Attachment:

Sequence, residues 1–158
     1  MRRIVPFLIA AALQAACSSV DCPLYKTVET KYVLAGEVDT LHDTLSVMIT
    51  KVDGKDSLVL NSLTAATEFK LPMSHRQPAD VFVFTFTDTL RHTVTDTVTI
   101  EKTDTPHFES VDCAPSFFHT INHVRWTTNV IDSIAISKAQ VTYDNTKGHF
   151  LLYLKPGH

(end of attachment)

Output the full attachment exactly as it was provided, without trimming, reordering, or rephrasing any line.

Sequence, residues 1–158
     1  MRRIVPFLIA AALQAACSSV DCPLYKTVET KYVLAGEVDT LHDTLSVMIT
    51  KVDGKDSLVL NSLTAATEFK LPMSHRQPAD VFVFTFTDTL RHTVTDTVTI
   101  EKTDTPHFES VDCAPSFFHT INHVRWTTNV IDSIAISKAQ VTYDNTKGHF
   151  LLYLKPGH